He said, "This, gentlemen, is Myron Aub."

    "The one with the unusual gift that you discovered quite by accident," said Congressman Brant placidly. "Ah." He inspected the little man with the egg-bald head with amiable curiosity.

    The little man, in return, twisted the fingers of his hands anxiously. He had never been near such great men before. He was only an aging low-grade technician who had long ago failed all tests designed to smoke out the gifted ones among mankind and had settled into the rut of unskilled labor. There was just this hobby of his that the great Programmer had found out about and was now making such a frightening fuss over.

    General Weider said, "I find this atmosphere of mystery childish."

    "You won't in a moment," said Shuman. "This is not something we can leak to the firstcomer. Aub!" There was something imperative about his manner of biting off that one-syllable name, but then he was a great Programmer speaking to a mere technician. "Aub! How much is nine times seven?"

    Aub hesitated a moment. His pale eyes glimmered with a feeble anxiety.

    "Sixty-three," he said.

    Congressman Brant lifted his eyebrows. "Is that right?"

    "Check it for yourself, Congressman."

    The congressman took out his pocket computer, nudged the milled edges twice, looked at its face as it lay there in the palm of his hand, and put it back. He said, "Is this the gift you brought us here to demonstrate. An illusionist?"

    "More than that, sir. Aub has memorized a few operations and with them he computes on paper."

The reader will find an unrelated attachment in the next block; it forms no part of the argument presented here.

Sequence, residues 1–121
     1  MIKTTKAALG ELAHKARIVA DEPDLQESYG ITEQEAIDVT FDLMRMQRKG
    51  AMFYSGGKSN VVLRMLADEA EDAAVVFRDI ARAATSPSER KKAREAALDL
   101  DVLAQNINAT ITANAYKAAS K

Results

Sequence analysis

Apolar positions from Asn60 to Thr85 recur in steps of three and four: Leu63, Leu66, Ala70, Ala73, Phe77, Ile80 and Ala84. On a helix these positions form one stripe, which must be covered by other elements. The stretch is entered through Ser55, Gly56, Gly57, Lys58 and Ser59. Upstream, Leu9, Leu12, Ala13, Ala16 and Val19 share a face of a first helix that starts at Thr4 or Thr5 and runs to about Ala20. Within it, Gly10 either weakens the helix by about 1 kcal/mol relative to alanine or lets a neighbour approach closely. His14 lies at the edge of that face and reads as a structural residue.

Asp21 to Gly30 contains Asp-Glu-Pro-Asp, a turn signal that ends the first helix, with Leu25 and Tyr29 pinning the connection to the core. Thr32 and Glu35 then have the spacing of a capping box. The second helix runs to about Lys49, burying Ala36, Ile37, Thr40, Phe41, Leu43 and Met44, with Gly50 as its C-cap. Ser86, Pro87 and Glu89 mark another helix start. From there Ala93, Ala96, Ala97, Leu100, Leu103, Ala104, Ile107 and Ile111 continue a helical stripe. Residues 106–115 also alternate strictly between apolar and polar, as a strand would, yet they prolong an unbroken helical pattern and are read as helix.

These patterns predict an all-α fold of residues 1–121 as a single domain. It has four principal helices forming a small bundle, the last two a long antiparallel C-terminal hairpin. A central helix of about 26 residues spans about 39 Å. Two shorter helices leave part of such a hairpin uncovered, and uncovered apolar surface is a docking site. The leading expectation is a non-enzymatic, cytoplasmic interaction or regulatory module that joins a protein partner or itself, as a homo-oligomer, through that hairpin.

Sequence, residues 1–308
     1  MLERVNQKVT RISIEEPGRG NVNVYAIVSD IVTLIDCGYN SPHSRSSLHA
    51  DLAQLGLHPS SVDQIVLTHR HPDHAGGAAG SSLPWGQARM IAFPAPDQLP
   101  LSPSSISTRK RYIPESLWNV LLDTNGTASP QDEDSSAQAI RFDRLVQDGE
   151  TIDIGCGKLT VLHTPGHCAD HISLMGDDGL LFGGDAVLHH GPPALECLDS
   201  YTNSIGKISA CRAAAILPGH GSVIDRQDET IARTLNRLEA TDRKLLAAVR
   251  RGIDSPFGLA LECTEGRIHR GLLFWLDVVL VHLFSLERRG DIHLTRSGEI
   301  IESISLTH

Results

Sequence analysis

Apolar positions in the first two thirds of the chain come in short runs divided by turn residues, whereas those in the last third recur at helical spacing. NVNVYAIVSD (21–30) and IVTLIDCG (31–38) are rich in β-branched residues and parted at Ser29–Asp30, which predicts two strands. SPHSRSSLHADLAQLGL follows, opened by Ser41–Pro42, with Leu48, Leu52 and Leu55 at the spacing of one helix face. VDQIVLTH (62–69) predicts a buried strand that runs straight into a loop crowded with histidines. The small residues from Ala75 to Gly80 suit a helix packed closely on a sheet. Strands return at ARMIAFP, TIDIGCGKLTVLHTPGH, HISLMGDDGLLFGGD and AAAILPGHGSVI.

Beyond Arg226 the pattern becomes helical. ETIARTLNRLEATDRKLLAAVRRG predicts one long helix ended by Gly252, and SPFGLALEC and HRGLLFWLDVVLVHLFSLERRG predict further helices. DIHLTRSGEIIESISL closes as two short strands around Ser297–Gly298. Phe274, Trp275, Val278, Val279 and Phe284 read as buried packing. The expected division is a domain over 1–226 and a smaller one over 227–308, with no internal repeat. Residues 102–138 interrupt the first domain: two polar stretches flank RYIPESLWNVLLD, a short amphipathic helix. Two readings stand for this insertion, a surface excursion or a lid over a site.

"A paper computer?" said the general. He looked pained.

    "No, sir," said Shuman patiently. "Not a paper computer. Simply a piece of paper. General, would you be so kind as to suggest a number?"

    "Seventeen," said the general.

    "And you, Congressman?"


    "Good! Aub, multiply those numbers, and please show the gentlemen your manner of doing it."

    "Yes, Programmer," said Aub, ducking his head. He fished a small pad out of one shirt pocket and an artist's hairline stylus out of the other. His forehead corrugated as he made painstaking marks on the paper.

    General Weider interrupted him sharply. "Let's see that."

    Aub passed him the paper, and Weider said, "Well, it looks like the figure seventeen."

    Congressman Brant nodded and said, "So it does, but I suppose anyone can copy figures off a computer. I think I could make a passable seventeen myself, even without practice."

    "If you will let Aub continue, gentlemen," said Shuman without heat.

    Aub continued, his hand trembling a little. Finally he said in a low voice, "The answer is three hundred and ninety-one."

    Congressman Brant took out his computer a second time and flicked it. "By Godfrey, so it is. How did he guess?"